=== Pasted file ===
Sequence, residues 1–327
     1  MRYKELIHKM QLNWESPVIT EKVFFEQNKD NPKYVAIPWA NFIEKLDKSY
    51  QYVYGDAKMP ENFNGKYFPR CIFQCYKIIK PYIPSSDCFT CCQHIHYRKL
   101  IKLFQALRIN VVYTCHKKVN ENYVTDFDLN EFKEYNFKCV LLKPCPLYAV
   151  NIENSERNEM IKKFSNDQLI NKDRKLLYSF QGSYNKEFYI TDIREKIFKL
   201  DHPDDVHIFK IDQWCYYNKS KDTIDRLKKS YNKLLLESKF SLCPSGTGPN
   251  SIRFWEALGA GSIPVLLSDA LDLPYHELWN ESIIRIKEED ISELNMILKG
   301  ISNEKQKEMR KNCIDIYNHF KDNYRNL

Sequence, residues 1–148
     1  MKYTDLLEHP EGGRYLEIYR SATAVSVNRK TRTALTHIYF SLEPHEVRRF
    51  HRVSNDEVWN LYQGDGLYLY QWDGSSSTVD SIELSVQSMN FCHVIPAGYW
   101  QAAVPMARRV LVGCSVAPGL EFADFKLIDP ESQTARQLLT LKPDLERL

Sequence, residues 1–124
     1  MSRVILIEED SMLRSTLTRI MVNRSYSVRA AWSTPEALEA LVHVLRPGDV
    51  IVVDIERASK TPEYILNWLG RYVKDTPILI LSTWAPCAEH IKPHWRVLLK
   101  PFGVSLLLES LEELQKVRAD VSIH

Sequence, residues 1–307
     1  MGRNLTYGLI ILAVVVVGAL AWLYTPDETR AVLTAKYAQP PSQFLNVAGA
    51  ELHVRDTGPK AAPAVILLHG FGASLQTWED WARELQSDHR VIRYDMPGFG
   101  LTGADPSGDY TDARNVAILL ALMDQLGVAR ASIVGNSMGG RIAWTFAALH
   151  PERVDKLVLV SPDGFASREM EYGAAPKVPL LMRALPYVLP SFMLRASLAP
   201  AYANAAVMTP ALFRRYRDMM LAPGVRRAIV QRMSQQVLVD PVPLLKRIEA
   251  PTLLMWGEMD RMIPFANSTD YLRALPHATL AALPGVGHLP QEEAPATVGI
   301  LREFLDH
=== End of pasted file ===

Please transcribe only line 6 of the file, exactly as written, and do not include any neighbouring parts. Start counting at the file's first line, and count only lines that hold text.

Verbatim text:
   201  DHPDDVHIFK IDQWCYYNKS KDTIDRLKKS YNKLLLESKF SLCPSGTGPN